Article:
Advanced Law Enforcement Rapid Response Training (ALERRT) Center Executive Director, Professor Pete Blair said they've launched a national campaign to prevent the next school shooting.
“What we've seen is that a lot of them are motivated by a desire for notoriety or fame. They want people to notice their event. They want people to notice them. To notice what their issue is and pay attention to them,” said Blair.
The 'Don't Name Them' campaign aims to stop people, including the media, from focusing on the person who committed the shooting.
“What we're trying to do is to get people to look at it and say, 'look if we don't give them as much as what they want you will discourage some people from committing these events and that's what our goal is," said Blair.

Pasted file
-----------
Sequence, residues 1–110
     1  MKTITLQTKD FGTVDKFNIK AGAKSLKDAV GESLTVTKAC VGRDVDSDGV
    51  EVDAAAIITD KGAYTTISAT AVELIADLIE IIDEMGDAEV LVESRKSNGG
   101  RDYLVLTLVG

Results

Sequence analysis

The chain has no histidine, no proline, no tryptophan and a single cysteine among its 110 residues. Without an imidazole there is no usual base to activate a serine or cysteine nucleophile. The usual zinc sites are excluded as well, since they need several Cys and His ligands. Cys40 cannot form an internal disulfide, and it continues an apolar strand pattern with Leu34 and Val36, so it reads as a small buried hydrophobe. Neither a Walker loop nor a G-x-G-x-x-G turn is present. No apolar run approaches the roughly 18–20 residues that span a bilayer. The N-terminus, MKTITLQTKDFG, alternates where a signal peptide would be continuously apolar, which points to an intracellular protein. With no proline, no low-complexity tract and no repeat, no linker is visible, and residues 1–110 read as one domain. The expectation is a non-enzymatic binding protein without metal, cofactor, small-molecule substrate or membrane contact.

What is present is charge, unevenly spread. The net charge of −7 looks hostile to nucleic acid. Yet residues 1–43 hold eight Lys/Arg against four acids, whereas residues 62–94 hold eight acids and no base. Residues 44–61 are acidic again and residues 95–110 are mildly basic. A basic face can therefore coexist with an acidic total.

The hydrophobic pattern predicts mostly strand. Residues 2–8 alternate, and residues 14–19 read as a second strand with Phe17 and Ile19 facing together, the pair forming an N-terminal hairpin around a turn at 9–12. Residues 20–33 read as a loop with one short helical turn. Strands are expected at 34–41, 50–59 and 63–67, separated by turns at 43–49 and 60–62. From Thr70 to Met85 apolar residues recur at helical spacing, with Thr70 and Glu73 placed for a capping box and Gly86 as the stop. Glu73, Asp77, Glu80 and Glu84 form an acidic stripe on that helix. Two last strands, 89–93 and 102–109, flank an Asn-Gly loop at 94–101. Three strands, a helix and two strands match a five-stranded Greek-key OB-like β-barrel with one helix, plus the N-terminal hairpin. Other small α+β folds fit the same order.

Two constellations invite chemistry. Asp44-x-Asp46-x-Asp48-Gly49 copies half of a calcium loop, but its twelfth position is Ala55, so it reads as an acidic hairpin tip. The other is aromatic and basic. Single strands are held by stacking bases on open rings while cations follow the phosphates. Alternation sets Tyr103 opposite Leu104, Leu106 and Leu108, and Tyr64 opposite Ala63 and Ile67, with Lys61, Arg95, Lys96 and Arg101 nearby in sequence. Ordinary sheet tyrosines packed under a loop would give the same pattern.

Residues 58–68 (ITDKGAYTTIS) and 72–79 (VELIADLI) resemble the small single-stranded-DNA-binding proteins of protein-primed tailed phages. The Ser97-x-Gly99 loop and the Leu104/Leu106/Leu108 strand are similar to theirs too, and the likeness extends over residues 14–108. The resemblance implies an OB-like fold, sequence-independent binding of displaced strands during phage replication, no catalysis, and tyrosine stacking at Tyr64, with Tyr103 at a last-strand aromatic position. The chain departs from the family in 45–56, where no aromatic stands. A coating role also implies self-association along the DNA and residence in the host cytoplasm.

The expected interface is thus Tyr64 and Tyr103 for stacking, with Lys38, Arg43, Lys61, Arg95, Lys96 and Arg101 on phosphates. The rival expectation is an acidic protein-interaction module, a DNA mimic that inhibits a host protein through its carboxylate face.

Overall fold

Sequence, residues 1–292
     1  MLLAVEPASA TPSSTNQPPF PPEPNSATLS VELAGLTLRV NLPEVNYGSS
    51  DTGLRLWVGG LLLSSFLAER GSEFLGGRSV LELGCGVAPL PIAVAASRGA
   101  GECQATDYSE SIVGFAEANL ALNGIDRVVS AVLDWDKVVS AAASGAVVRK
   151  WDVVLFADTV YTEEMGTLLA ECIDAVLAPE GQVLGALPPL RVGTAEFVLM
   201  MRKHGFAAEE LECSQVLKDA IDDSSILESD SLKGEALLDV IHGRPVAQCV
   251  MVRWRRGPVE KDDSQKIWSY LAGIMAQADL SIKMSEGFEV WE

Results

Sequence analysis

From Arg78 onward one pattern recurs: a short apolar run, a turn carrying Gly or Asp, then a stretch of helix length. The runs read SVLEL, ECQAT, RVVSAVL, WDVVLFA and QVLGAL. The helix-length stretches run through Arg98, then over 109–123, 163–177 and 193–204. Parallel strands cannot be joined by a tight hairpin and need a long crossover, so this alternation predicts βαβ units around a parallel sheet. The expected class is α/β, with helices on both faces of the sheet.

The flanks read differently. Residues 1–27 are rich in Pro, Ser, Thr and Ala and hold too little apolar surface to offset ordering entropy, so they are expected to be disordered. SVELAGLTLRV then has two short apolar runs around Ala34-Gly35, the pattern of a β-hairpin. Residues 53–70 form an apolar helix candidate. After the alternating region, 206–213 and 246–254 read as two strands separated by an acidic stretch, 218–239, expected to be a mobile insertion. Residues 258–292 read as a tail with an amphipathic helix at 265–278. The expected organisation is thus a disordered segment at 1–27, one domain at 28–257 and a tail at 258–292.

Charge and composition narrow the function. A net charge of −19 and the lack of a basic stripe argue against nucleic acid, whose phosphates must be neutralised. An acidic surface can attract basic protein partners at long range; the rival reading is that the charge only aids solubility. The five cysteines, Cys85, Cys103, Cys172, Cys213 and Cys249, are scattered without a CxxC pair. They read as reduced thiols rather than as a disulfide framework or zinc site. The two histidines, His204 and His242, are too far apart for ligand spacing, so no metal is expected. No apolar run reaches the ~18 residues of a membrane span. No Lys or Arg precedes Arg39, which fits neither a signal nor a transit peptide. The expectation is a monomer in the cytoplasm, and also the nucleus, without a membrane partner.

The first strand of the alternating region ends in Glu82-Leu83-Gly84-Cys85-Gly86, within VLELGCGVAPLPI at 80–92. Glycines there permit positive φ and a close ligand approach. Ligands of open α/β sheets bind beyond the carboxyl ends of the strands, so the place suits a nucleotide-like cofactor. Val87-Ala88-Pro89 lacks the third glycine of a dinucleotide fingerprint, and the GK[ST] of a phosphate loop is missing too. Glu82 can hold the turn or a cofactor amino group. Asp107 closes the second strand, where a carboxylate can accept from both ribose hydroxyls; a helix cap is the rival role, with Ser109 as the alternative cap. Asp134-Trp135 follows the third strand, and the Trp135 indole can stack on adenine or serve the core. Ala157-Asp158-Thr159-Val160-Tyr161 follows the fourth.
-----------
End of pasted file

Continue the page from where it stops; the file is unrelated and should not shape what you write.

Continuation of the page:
Professor Blair said their studies have shown, repeated mentioning of a shooter's name, history and actions have inspired others...
“It suggests that for a few weeks after the initial big event there's a risk of copycat events,” said Blair.
University of Tulsa Professor Elana Newman is part of a worldwide net of researchers who work closely with journalists and their exposure to trauma.
Now more than ever--she said journalists and news organizations play an important role in keeping a community informed with factual and accurate information.
“I think explaining the rules of journalism to the public is really important because people are talking about whatever fake news is, people are saying when I disagree is fake news and I think the job of verification, the jobs that you do in trying to decipher what's true and what's isn't true is really what we need and the public needs to understand that," said Dr. Newman.
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